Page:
Toxic shame can be one of the most damaging aspects of narcissistic abuse. It tells a victim that something is deeply wrong with them, unlike guilt which tells a person that they did something wrong. This shame obliterates self esteem & makes a victim easier to control. This is why shame is such a common weapon of narcissists. It’s extremely effective.
Narcissists instill toxic shame in their victims in various ways. They let their victim know that their feelings, thoughts, & beliefs are wrong. The victims likes & dislikes are also harshly judged & criticized. In fact, everything about the victim is harshly judged & criticized. His or her looks, actions, hopes, dreams & more. Even if a victim tries to be what the narcissist wants, the narcissist will let the victim know it isn’t good enough. In fact, nothing the victim does is good enough. Instead of the victim seeing this as the narcissist is impossible to please, most victims take it as them being a failure for not pleasing their narcissist, which adds to their toxic shame.
Shame also forces victims to keep the abuse secret. The victim is too embarrassed to admit that they tolerate such cruelty in some cases. In others, the victim is ashamed of feeling angry or hurt by the abuse because the narcissist has convinced the victim that the victim is the reason for the abusive behavior or that it really isn’t abuse, the victim is being oversensitive. Either way, the abuse being kept a secret is another benefit for the narcissist. They can continue the abuse without fear of the victim exposing their heinous acts.
Even once a victim ends the relationship with a narcissist, toxic shame is still a part of that victim’s life until he or she realizes it & works on healing. Adults with toxic shame end up in abusive relationships, whether they be romantic, friendships or coworkers. They are depressed & seldom realize why. They often have tremendous anxiety as well. They live to please other people, & feel as though they fail even when told they have done a great job. They have no self esteem. They’re simply miserable!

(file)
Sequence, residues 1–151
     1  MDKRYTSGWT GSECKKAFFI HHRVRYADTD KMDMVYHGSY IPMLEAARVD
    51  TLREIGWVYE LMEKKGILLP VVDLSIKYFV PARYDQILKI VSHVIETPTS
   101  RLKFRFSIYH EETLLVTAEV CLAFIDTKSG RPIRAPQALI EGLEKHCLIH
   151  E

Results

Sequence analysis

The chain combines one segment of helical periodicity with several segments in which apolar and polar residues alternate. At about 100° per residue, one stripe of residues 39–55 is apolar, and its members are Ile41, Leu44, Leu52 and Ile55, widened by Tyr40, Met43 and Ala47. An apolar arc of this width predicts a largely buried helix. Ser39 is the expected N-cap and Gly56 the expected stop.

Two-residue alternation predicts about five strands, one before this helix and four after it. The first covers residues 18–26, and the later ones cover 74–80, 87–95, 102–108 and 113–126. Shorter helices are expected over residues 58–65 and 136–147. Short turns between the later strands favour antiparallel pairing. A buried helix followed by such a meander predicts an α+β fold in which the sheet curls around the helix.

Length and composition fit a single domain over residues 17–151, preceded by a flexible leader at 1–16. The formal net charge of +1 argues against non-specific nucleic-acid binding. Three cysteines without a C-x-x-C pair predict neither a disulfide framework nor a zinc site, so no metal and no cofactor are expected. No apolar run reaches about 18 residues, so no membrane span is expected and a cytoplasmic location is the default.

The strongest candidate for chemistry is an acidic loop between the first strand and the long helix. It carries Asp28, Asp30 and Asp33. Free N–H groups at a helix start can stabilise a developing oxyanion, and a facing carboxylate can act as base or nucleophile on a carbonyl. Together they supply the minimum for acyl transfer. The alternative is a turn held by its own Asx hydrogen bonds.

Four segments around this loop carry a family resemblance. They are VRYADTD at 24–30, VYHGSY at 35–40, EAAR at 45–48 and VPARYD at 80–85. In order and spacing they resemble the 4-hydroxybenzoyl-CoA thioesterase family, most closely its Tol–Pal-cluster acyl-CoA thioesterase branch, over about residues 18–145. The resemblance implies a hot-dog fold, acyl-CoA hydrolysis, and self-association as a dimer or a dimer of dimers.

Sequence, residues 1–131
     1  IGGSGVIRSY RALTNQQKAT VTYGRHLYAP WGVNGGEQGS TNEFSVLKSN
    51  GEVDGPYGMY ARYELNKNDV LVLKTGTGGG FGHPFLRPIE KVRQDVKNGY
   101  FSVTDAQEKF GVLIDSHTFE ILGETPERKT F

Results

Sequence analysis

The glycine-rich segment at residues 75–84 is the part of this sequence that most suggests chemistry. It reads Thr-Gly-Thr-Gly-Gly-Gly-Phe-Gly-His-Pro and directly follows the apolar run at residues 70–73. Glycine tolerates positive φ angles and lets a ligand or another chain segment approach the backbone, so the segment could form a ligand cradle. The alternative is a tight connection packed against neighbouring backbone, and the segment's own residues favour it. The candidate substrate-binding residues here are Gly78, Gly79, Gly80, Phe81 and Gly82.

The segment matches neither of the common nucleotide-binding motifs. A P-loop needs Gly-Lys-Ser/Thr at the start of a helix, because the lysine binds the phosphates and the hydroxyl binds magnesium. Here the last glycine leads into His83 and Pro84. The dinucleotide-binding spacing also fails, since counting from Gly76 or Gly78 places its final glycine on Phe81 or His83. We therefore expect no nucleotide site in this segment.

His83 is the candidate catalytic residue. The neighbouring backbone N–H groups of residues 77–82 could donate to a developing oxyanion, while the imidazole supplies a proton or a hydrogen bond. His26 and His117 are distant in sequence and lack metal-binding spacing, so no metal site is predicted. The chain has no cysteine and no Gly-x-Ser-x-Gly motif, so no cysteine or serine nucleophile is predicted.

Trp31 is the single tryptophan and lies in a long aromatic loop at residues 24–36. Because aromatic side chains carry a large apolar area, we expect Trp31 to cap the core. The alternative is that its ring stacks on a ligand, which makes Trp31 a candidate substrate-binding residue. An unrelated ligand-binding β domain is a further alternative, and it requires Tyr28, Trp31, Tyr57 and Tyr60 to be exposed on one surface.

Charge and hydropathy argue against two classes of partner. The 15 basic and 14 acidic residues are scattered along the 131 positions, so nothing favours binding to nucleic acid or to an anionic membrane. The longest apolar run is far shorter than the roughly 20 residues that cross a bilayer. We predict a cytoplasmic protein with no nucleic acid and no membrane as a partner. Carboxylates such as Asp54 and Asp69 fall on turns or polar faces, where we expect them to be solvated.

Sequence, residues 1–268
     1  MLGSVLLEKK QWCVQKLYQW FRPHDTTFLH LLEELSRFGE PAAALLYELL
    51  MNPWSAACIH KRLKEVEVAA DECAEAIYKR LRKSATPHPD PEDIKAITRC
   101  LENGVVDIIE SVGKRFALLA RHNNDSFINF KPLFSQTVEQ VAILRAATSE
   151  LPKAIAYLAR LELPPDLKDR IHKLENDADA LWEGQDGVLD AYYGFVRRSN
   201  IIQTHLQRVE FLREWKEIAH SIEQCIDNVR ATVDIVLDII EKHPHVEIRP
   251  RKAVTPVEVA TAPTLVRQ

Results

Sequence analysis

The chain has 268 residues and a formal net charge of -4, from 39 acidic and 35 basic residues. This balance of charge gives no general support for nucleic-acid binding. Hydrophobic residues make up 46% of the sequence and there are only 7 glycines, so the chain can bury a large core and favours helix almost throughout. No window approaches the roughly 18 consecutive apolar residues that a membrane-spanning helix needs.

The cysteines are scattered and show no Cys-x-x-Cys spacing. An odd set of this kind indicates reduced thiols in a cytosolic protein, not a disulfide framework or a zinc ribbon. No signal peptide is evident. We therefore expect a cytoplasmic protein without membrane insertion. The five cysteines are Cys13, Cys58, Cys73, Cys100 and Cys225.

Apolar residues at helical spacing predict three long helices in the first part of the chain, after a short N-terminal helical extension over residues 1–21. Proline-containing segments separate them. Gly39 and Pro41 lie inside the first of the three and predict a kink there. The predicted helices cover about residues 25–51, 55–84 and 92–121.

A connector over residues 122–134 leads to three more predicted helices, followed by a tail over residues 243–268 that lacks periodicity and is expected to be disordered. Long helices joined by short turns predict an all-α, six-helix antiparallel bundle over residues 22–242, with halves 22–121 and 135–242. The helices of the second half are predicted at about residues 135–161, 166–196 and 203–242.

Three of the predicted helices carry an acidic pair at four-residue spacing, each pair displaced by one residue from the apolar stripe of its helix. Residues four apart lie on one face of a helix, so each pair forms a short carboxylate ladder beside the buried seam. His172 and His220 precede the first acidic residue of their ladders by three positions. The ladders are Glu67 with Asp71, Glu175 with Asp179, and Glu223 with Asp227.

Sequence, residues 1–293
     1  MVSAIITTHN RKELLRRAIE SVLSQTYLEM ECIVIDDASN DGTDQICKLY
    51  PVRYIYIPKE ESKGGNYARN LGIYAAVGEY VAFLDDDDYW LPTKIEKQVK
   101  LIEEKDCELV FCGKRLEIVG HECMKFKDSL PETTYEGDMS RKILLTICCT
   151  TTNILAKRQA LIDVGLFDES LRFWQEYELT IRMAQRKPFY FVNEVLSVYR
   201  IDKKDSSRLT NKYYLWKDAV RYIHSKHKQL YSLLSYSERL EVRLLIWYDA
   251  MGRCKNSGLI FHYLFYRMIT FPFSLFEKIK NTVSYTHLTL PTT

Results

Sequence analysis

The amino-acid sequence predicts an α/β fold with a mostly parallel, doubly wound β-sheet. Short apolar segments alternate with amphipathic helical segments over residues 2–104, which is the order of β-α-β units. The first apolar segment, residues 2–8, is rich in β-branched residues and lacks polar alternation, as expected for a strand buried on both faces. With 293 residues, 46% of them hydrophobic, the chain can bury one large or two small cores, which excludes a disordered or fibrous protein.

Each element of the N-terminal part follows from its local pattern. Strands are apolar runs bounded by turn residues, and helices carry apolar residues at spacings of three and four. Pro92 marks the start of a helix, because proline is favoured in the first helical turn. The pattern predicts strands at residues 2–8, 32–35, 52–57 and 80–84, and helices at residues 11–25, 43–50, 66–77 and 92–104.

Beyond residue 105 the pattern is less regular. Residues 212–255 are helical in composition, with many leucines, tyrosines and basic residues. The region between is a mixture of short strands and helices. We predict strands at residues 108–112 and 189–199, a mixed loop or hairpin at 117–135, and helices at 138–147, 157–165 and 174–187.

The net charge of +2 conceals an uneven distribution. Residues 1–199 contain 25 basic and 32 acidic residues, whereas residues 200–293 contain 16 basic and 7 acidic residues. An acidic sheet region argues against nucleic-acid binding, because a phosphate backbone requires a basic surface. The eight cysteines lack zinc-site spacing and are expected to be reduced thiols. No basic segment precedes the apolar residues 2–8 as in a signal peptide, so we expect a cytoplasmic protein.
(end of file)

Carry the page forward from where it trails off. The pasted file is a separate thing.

One of the best ways to start to combat toxic shame is by talking about the abuse. Being open about your experiences is a very effective way to release the power they have over you. I’ve thought of it like this… if you remember anything about the old legends of vampires, when they were in the dark, they were incredibly powerful. Nothing could stop them. Yet, in the sunlight, they were powerless in the short time before they were destroyed. Talking about the effects of the abuse is the same. Being open about it releases the power it has over you. In fact, it enables you to take back your power! By talking about it, you’re basically telling your abuser, “This is my story too & I have every right to talk about it. You can’t stop me anymore!”
By talking about the abuse, I’m not saying you need to talk about it non stop to everyone, write books or have a blog like mine. You have to do whatever feels right to you. It’s usually best to start out by praying about it. Also, you can write in a journal. From there, you can talk to a safe person such as a close friend or counselor. Take baby steps, since talking about it can be pretty scary at first. As you get more comfortable discussing it, maybe one day you will feel like creating a blog or writing a book about your story. Only God knows what the best plan for you is. Until such time as that plan is revealed though, start talking. It will help you destroy that toxic shame & live a happier life!